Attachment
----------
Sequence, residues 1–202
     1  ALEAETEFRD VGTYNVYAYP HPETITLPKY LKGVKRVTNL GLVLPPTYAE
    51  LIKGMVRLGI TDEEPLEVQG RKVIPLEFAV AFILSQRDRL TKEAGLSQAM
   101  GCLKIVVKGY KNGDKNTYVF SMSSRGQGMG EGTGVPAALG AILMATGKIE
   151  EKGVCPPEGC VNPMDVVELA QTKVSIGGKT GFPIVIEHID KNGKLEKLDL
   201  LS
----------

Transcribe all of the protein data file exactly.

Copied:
Sequence, residues 1–202
     1  ALEAETEFRD VGTYNVYAYP HPETITLPKY LKGVKRVTNL GLVLPPTYAE
    51  LIKGMVRLGI TDEEPLEVQG RKVIPLEFAV AFILSQRDRL TKEAGLSQAM
   101  GCLKIVVKGY KNGDKNTYVF SMSSRGQGMG EGTGVPAALG AILMATGKIE
   151  EKGVCPPEGC VNPMDVVELA QTKVSIGGKT GFPIVIEHID KNGKLEKLDL
   201  LS